Readers are Created not Born

There’s a wonderful public school initiative that asks children to read for 30 minutes a day. I think it’s a good start but the “art” of reading is not in the “time spent” but about comprehension.

I say this with some hands-on experience in my day care situation. One of my charges is a fourth grader who asks me to keep track of his after school reading period. The sad part is his reading is done with one eye on the clock. I ask him about what he’s read. Occasionally, he has an answer but most often, he doesn’t have a clue.

A few days ago, I asked him to read his book out loud to me. He’d chosen a book about the American Revolution which, by the sparkle in his eyes, was a topic of interest. As he read, there was stumbling on unknown words. Many of these words were critical to his understanding. I pronounced the words and gave him the definitions. Light bulbs of understanding and interest were coming to light like I had not ever seen with him before.

In addition to listening, I was reacting with excitement to the content. “Wow! The colonists were really out numbered!” …” Of course the king would be angry. He wanted their money and obedience to continue, don’t you think?”

Well, the 30 minutes turned into almost an hour without one glance at the clock. He clutched the book like a newly discovered treasure when he packed to go home too. My friend went from reading to reader without even realizing it. I told him to look for a book about Valley Forge if he wanted to know more about the trials of war. (I cannot wait to see if he does.)

So, there is a difference between minutes spent reading and the sharing that makes a kid into a reader.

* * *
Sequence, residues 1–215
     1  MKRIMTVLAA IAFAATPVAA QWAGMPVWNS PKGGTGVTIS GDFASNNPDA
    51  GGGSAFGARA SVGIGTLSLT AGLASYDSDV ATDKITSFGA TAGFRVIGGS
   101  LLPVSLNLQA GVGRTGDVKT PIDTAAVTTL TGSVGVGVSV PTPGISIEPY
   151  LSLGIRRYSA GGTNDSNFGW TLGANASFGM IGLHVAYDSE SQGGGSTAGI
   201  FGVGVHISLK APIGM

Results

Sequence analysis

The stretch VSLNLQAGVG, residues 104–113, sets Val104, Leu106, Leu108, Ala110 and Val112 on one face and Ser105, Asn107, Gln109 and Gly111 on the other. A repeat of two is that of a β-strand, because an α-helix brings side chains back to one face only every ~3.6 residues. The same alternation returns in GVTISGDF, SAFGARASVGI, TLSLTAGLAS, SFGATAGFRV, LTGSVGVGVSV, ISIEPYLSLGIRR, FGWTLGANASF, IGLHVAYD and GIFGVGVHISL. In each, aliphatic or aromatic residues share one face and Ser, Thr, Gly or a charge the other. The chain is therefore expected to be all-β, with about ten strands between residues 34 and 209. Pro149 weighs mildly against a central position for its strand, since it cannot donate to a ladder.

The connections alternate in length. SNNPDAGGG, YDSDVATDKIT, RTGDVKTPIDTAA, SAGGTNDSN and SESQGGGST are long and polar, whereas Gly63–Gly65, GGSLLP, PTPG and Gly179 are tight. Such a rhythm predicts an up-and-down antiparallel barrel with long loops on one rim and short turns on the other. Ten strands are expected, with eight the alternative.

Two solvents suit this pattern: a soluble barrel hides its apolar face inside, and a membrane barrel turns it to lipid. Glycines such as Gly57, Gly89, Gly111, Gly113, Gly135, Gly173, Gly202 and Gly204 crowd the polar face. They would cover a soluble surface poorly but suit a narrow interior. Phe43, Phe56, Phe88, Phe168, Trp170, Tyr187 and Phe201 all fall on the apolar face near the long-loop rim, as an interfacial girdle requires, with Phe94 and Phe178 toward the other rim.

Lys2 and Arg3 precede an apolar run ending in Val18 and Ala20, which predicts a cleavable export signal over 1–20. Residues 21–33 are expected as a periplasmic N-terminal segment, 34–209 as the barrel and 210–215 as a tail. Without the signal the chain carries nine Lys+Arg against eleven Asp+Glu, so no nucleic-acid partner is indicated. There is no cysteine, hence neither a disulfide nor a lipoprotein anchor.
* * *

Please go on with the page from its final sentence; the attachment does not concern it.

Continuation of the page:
Curious fun fact~ The very first entire book that I read, in one sitting, was in sixth grade and was Washington at Valley Forge.

Washington at Valley Forge
Washington at Valley Forge (Photo credit: Wikipedia)
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A kind word

There’s no substitute for the feeling one gets from being generous. Even though it is hard for little kids to share, they catch on to that feeling. We want kids to develop this generous nature but I do not think we should reward them with gifts.  I award my day care friends with a kind word and a hug. By giving kids rewards of tangible objects, we are sending the message that they get some thing for all their kindness. Isn’t what we want them to learn that kindness is its own reward?

I’ve had fun through the years training my pet dogs. I am no expert but I have read and studied about dog training. At the risk of sounding weird, I think toddler training and puppy training are very similar. I’ve noticed that the commands that I use are the same. Sit,stay,wait,come,good boy, are applicable to kids.

Kids and dogs both want the same thing. Positive attention is their favorite reward. They just really want to please their care giver more than anything.

My Jack Russell Terrier can be a stubborn little cus. I’ll let him out,once in awhile, in the middle of one of these balmy nights to do his business. I can tell he would prefer to linger. On occasion, I have lost my cool and growled at him to hurry up! I finally found the key. I start praising him in a gentle voice. “Come on my good boy.” “That’s MY good boy”. Works every time. I follow it with a few warm pats. (offering him a piece of ham never worked.) The essence is to make him want to come in. I use our friendship as the prize and he deems that a great trade.

My favorite prize for my children is a comment, “You made me smile!” or “I can tell that that made you feel good. Way to go!” A kind word and a hug  is a very powerful tool when it is sincere. Certainly, it is rewarding to all!